$1,150,000 for plant and equipment. Plans arid specifi- 
cations under preparation will incorporate an alkaline 
adjustment of the pH factor which may also assist in 
controlling corrosion in outmoded lead pipes still in use 
by homes in some older neighborhoods. Fluoridation is 
expected to save $7 million annually for persons under 
the age of 20 by reducing tooth decay, according to 
Massachusetts Dental Society's estimate. Its use on a 
district-wide basis will provide savings, too for member 
communities which are planning or already have in- 
stalled local fluoridation systems. 




CROSS-COUNTRY SKIING is a fast-growing sport which has been inaugurated at Ponkapoag Golf Course in Blue 
Hills Reservation, where instruction is provided by a professional guide service. Its popularity indicates a potential for 
other MDC areas. (Photo by Robert F George) 



Parks District Expands Recreation Facilities, Activities 



Completion of new facilities and considerable 
groundwork for further expansion of active and passive 
recreational opportunities marked Parks District activity 
during the year. 

Construction work and extensive planning and de- 
sign were devoted to a wide range of projects, including 
park reservations, athletic areas, sailing, zoo develop- 
ment, skating rinks, fishing, bikeways and upgrading 
many existing properties. 

The oncoming Bicentennial celebration drew much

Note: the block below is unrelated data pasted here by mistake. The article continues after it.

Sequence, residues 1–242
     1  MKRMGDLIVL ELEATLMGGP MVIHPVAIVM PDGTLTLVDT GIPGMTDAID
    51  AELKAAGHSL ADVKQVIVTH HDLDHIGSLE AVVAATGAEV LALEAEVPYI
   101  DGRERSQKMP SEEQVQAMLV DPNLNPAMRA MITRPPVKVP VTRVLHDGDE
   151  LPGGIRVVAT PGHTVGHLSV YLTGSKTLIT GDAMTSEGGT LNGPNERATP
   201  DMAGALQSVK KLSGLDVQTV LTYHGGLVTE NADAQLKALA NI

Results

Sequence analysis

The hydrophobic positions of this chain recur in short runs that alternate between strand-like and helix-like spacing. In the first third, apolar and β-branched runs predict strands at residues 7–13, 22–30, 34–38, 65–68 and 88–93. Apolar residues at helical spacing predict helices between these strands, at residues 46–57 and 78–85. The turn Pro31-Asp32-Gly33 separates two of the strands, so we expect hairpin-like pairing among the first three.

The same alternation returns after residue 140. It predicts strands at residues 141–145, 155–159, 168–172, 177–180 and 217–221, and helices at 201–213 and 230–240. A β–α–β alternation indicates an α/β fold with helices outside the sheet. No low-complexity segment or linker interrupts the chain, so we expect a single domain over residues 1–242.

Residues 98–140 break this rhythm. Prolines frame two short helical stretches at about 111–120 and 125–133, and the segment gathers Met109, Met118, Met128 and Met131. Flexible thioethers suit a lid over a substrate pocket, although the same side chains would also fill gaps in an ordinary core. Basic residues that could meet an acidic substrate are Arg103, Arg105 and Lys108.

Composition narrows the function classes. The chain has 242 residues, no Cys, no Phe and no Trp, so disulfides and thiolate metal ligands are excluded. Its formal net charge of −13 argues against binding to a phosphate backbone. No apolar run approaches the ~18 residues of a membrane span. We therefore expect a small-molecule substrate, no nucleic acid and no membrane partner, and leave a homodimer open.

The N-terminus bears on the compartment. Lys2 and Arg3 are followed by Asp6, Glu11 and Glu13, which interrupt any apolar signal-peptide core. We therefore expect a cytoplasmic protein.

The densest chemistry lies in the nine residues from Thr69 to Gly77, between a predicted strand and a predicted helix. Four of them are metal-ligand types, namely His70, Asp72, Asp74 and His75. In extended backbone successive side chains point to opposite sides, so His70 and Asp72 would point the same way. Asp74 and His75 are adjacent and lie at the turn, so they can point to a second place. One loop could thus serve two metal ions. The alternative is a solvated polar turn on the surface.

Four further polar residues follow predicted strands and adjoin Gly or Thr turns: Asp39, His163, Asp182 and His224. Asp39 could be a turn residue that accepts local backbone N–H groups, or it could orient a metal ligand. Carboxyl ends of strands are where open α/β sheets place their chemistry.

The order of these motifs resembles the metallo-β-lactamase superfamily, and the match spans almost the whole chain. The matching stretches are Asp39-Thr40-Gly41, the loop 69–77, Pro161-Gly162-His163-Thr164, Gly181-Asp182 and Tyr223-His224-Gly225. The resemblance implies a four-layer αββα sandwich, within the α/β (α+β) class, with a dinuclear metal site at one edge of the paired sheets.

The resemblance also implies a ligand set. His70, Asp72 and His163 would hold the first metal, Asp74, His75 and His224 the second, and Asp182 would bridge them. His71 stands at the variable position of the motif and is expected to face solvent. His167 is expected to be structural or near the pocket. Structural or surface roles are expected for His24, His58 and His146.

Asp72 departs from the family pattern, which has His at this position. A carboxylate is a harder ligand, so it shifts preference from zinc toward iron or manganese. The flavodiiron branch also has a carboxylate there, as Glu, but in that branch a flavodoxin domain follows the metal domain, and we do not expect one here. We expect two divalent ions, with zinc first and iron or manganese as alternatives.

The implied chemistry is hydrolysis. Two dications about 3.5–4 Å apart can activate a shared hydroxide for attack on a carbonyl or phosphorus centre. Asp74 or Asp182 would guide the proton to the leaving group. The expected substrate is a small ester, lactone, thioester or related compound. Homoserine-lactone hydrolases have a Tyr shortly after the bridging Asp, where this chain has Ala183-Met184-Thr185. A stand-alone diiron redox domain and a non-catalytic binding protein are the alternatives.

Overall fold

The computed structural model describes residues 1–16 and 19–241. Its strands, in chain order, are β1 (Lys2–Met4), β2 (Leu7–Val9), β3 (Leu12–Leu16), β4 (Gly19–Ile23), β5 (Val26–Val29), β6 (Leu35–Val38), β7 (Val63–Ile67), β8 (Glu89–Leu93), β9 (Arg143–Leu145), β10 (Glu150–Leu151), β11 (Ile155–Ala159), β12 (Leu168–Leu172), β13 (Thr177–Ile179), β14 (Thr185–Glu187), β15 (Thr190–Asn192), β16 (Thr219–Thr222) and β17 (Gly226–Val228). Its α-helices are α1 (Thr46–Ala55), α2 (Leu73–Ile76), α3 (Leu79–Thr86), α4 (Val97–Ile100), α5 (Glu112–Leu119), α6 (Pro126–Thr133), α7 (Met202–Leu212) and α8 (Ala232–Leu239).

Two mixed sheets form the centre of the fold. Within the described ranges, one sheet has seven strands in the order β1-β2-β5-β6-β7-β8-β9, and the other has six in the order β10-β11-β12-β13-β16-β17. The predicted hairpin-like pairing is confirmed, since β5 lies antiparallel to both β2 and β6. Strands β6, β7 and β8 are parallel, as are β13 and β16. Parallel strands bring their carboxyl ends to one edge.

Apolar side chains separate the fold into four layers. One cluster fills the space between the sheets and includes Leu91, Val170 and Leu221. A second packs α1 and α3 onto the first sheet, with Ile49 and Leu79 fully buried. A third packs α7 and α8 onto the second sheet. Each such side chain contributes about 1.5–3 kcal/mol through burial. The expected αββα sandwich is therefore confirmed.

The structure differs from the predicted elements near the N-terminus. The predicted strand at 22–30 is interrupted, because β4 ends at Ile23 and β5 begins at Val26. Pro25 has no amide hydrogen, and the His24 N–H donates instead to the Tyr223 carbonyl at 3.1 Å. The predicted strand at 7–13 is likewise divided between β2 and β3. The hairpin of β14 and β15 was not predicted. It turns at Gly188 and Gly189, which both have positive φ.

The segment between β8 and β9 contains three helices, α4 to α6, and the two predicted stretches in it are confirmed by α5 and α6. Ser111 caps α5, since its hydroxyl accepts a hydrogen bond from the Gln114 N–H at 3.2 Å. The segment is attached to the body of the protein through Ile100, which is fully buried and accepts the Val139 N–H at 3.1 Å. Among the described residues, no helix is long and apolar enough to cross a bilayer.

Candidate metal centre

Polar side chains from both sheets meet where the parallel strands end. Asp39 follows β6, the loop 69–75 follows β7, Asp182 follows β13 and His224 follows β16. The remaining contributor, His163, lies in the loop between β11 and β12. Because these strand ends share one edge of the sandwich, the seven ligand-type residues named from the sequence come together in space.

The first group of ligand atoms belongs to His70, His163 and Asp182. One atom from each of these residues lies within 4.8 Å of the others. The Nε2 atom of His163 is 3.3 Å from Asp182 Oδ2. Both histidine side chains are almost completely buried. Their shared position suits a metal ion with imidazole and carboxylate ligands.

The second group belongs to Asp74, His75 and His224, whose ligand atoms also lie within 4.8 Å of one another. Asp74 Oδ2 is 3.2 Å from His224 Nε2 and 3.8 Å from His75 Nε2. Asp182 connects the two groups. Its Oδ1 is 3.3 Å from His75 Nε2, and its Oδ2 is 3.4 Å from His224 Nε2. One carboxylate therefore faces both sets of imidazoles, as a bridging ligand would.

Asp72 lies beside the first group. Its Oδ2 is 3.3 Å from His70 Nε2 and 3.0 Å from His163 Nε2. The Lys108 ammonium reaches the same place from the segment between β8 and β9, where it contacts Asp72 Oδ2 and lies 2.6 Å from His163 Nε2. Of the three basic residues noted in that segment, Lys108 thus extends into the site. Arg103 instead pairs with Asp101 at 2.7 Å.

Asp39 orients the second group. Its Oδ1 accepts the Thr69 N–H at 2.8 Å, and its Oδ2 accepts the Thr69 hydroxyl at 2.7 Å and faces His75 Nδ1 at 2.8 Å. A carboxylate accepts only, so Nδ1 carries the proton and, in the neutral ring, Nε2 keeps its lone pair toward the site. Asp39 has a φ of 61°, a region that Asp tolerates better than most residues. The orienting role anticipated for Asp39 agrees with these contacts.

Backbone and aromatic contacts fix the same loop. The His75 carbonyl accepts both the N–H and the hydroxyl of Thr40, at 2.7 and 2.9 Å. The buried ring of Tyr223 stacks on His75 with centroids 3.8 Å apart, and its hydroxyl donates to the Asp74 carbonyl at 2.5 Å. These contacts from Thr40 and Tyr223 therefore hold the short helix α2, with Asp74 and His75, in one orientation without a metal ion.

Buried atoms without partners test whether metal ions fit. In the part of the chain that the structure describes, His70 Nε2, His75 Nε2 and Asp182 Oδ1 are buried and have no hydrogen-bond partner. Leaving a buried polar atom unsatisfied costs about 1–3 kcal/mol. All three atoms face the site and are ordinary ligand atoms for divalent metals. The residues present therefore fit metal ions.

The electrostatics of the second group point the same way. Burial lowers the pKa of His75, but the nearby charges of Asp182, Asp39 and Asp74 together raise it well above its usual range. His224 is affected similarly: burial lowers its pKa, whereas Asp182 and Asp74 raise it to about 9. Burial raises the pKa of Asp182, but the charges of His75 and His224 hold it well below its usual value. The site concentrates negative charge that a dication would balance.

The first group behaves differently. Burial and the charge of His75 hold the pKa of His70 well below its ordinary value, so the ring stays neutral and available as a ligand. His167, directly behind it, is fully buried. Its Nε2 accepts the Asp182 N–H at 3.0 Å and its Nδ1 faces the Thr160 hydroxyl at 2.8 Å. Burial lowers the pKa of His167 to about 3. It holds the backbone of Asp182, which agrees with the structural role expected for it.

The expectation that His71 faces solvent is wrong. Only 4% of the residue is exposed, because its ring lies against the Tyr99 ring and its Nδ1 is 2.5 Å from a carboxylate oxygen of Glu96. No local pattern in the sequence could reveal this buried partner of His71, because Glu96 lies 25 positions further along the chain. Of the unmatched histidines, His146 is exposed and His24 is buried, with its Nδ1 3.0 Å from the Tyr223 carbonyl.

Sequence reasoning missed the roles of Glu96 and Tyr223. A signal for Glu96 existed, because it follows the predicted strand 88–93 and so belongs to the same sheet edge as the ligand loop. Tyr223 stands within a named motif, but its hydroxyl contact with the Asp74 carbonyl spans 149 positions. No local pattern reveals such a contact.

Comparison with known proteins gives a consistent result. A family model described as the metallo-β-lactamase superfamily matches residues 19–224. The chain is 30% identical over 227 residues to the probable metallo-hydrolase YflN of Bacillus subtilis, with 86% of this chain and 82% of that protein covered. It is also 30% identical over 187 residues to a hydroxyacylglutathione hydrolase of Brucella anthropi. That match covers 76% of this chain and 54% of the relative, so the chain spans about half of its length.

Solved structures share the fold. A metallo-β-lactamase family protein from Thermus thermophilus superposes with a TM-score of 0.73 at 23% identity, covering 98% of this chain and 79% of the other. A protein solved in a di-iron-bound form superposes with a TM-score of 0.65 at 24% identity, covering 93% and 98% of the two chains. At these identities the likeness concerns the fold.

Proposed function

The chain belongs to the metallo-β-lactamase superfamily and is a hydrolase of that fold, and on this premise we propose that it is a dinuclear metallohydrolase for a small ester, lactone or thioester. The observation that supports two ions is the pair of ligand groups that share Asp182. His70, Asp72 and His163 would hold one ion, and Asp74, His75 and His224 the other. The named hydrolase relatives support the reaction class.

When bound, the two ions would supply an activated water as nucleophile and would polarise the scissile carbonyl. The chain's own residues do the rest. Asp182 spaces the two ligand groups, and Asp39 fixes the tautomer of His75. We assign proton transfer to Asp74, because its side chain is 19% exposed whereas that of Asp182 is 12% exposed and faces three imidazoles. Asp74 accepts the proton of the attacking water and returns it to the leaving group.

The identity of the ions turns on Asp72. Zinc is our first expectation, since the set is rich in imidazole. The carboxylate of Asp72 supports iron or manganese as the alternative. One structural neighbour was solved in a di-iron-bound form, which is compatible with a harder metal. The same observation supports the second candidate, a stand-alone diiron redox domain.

emphasis on enhancing historic sites at Bunker Hill, 
Fort Independence, Fort Warren and Quincy Home- 
stead. 

Developing additional uses of the parks system for 
recreation purposes was continued with such activity as 
cross-country skiing, tennis at skating rinks during off- 
season and a golf instruction camp for young people. 

The most dramatic project in progress is the new 
Mystic River Basin Park off Route 93 expressway in 
Somerville and Medford, destined to become a counter- 
part of the famed Charles River Basin and Esplanade. 
The site is a former estuary converted from unsightly, 
odorous tidal flats to a 525-acre fresh water basin by the 
Amelia Earhart Dam in 1966. 



A newly-completed master plan will transform the 
shoreline into a multi-million-dollar panorama of park, 
marine and recreational facilities. The new reservation 
will feature extensive landscaping, woodland environ- 
ment, pedestrian paths, bikeways. boat docks, fishing 
pier, benches, picnic tables and a wide variety of sports 
activities. 

Visible evidence of the basin s potential appeared for 
the 1974 season with the opening of a S210.000 sailing 
boathouse and docks on the Somerville shoreline — 
MDC's third sailing installation. 

Adjacent to the boathouse. a $132,000 project 
created a two-acre, landscaped park containing 180 
trees, benches, flagstone terrace, walks and parking lot.